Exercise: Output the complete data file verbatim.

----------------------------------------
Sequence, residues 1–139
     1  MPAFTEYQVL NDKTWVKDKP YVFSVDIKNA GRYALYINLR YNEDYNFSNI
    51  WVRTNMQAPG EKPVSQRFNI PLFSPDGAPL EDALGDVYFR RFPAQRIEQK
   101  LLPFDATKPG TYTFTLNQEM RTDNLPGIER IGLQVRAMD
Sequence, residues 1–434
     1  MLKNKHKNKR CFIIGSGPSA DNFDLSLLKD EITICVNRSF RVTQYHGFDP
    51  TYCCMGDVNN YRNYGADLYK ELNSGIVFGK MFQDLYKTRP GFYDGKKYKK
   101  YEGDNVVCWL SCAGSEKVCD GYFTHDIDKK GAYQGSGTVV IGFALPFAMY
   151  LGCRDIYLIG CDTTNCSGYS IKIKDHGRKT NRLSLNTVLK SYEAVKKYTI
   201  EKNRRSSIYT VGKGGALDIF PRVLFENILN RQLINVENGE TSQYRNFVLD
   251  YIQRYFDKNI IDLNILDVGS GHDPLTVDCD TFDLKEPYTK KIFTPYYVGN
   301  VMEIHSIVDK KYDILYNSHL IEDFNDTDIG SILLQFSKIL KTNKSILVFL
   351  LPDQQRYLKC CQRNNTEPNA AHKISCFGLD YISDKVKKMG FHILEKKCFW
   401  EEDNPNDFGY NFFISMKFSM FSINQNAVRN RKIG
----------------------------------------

Sequence, residues 1–139
     1  MPAFTEYQVL NDKTWVKDKP YVFSVDIKNA GRYALYINLR YNEDYNFSNI
    51  WVRTNMQAPG EKPVSQRFNI PLFSPDGAPL EDALGDVYFR RFPAQRIEQK
   101  LLPFDATKPG TYTFTLNQEM RTDNLPGIER IGLQVRAMD
Sequence, residues 1–434
     1  MLKNKHKNKR CFIIGSGPSA DNFDLSLLKD EITICVNRSF RVTQYHGFDP
    51  TYCCMGDVNN YRNYGADLYK ELNSGIVFGK MFQDLYKTRP GFYDGKKYKK
   101  YEGDNVVCWL SCAGSEKVCD GYFTHDIDKK GAYQGSGTVV IGFALPFAMY
   151  LGCRDIYLIG CDTTNCSGYS IKIKDHGRKT NRLSLNTVLK SYEAVKKYTI
   201  EKNRRSSIYT VGKGGALDIF PRVLFENILN RQLINVENGE TSQYRNFVLD
   251  YIQRYFDKNI IDLNILDVGS GHDPLTVDCD TFDLKEPYTK KIFTPYYVGN
   301  VMEIHSIVDK KYDILYNSHL IEDFNDTDIG SILLQFSKIL KTNKSILVFL
   351  LPDQQRYLKC CQRNNTEPNA AHKISCFGLD YISDKVKKMG FHILEKKCFW
   401  EEDNPNDFGY NFFISMKFSM FSINQNAVRN RKIG